By Indranil Sarkar
(Reuters) -England's Football Association on Tuesday named corporate executive and former RAC chief Debbie Hewitt as its first woman chair, ending months of speculation over Greg Clarke's successor following his exit over inappropriate remarks.
The FA, which was formed in 1863 and has been working to become more inclusive, launched its 'Pursuit of Progress' initiative in 2018 to increase the diversity of those playing, officiating, coaching, leading and governing English football.
Clarke resigned in November after a row over his reference to "coloured footballers" during questions from members of parliament.
Hewitt's appointment comes as the FA grapples with another race row after the England national team were booed by fans over the weekend for taking a knee to highlight racial injustice.
"As the events in recent months have shown, this is a significant moment in time for English football, with a clear purpose for all stakeholders to secure the long-term health of the game at all levels," Hewitt said in a statement.
English football was also thrown into turmoil in recent months after a failed attempt by 12 European clubs, including six from England, to set up a breakaway European Super League.
Hewitt, currently chairwoman of Wagamama-owner Restaurant Group, was the unanimous choice of the FA's seven-member selection panel, and will succeed interim Chair Peter McCormick, the FA said https://www.thefa.com/news/2021/jun/08/20210608-debbie-hewitt-mbe-nominated-for-fa-non-executive-chair on its website.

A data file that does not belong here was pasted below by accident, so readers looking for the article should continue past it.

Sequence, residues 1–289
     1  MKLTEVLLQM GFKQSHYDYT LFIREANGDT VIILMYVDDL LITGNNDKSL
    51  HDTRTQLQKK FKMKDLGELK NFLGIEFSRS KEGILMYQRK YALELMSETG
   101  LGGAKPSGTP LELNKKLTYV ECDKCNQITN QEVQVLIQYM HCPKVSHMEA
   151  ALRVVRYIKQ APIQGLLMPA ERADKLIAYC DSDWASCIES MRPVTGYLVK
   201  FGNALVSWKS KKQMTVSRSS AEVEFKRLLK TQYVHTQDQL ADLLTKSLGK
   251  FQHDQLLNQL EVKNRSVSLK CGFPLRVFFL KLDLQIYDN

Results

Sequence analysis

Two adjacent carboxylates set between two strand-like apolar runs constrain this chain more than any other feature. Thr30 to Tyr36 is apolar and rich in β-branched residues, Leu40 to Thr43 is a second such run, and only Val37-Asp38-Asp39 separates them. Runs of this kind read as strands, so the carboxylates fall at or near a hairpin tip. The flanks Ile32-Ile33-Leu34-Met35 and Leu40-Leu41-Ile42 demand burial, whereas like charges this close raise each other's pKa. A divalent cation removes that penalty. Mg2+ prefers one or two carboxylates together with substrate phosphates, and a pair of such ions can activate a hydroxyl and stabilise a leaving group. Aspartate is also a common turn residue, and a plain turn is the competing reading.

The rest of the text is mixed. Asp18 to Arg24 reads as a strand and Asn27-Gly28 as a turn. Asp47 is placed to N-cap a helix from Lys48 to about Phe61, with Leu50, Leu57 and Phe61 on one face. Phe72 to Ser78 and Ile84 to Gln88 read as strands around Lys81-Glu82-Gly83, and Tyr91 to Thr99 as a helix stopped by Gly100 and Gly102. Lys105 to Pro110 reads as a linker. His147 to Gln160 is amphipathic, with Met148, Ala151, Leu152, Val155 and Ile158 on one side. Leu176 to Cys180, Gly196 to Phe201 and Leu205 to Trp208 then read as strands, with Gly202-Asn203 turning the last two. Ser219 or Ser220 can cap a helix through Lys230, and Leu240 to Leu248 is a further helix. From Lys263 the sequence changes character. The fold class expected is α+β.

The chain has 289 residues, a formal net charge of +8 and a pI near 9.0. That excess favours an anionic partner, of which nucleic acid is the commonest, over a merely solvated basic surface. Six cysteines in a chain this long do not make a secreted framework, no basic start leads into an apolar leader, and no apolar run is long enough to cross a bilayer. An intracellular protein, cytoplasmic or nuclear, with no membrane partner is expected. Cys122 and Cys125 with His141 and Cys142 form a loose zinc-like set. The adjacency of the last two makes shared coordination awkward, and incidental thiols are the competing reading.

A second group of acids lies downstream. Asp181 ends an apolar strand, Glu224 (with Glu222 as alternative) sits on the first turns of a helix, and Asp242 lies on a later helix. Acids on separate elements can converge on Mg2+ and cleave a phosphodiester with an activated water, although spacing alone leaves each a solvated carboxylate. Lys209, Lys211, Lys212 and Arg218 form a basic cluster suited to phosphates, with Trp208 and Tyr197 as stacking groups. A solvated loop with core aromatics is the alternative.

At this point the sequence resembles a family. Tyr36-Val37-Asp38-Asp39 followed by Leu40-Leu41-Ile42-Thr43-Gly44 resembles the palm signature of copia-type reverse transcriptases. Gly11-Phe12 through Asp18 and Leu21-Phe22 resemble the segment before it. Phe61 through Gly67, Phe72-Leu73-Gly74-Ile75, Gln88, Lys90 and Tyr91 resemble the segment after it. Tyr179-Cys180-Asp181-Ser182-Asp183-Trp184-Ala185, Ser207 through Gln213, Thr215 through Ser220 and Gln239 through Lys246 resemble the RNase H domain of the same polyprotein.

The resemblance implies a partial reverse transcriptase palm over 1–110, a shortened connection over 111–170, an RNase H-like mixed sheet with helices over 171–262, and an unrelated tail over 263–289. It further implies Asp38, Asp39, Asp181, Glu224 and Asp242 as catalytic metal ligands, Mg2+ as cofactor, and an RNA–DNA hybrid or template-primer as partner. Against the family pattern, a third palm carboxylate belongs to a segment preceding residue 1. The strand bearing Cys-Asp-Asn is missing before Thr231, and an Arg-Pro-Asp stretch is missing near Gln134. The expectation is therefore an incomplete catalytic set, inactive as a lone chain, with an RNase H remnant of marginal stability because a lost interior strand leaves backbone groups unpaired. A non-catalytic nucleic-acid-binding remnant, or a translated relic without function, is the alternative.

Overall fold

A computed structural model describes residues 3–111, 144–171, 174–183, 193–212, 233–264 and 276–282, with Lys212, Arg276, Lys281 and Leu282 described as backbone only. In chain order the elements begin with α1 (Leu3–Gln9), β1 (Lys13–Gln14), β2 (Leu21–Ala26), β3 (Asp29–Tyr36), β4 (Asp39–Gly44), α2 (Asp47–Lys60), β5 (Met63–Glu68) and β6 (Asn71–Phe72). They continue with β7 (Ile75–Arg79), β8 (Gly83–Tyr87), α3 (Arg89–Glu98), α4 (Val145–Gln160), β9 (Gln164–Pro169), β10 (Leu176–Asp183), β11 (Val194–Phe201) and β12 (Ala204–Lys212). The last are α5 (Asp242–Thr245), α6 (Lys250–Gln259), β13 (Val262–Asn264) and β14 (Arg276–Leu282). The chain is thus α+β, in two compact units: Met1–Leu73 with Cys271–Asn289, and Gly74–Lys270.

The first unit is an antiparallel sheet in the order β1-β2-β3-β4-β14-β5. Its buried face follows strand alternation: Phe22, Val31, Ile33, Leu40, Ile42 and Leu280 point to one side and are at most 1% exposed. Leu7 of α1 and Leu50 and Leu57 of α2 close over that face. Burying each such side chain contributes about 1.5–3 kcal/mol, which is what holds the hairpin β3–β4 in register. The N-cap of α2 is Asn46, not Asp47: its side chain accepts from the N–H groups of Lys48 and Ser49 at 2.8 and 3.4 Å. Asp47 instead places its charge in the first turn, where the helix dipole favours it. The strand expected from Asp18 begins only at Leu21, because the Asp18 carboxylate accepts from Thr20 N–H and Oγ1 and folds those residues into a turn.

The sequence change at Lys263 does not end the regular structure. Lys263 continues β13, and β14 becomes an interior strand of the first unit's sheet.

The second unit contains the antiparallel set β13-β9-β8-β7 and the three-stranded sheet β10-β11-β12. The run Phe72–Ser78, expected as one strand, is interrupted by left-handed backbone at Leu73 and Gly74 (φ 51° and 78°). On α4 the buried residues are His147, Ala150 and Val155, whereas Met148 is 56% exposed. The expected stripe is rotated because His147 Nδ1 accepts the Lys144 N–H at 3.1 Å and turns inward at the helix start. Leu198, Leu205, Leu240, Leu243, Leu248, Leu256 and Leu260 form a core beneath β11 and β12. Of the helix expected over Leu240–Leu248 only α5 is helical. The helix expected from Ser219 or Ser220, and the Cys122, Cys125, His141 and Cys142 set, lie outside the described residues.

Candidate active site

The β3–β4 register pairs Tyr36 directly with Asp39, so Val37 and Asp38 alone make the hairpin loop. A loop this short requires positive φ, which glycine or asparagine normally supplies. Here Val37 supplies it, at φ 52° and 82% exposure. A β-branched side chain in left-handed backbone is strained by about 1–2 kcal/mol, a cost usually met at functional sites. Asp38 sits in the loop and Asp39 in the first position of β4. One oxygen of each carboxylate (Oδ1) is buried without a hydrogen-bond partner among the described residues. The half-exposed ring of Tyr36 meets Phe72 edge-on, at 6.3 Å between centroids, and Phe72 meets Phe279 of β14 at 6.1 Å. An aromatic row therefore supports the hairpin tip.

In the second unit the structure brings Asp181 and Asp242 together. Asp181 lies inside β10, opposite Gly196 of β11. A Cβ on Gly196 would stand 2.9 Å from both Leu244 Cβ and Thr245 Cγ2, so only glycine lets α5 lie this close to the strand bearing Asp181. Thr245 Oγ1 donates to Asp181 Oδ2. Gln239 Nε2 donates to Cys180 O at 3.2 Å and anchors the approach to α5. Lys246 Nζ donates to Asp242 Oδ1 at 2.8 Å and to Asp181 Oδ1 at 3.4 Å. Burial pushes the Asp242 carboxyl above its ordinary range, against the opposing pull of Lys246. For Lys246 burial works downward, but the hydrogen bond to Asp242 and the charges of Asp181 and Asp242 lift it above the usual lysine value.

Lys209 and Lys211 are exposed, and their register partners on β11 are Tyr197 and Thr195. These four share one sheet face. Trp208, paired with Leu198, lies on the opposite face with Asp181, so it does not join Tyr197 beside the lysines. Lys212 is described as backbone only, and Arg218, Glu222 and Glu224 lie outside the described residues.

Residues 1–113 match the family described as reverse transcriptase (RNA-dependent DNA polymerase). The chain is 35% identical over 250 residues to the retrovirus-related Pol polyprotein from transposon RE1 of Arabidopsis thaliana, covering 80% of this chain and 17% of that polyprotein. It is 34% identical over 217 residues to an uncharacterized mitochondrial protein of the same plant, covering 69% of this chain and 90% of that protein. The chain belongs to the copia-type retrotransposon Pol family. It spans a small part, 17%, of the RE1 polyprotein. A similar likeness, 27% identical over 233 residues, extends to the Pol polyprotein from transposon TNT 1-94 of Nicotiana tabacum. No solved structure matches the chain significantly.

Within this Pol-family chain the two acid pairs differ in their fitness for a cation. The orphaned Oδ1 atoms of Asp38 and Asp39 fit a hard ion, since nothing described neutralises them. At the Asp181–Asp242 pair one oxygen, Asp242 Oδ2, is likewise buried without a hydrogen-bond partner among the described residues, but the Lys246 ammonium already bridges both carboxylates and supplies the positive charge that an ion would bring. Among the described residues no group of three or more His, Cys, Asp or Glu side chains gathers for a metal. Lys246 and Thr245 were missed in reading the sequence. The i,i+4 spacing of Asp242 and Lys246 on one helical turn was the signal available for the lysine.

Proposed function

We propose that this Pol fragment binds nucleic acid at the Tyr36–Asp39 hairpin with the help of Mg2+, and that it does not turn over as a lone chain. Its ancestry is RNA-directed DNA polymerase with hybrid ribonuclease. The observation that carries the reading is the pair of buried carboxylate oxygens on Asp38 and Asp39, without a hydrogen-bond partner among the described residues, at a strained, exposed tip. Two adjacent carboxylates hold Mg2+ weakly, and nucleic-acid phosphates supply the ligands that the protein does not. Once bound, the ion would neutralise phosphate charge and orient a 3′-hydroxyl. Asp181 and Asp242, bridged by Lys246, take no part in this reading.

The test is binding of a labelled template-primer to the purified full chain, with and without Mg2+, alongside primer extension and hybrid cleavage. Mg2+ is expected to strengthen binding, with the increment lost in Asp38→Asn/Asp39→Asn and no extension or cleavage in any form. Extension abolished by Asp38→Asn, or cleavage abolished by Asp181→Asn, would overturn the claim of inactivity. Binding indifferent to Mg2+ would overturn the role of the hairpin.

"(Hewitt's) experience across many different areas of business and general approach will allow her to work collaboratively across the game, while providing her own insight, experience and judgement on the issues that matter most," McCormick said.
Hewitt, currently also the non-executive chair of Visa Europe, BGL Group and White Stuff, will step down from her role in Restaurant Group when she joins the FA in January 2022.
(Reporting by Indranil Sarkar and Chris Peters in Bengaluru; Additional reporting by Manasi Pathak; editing by Patrick Graham/Peter Rutherford)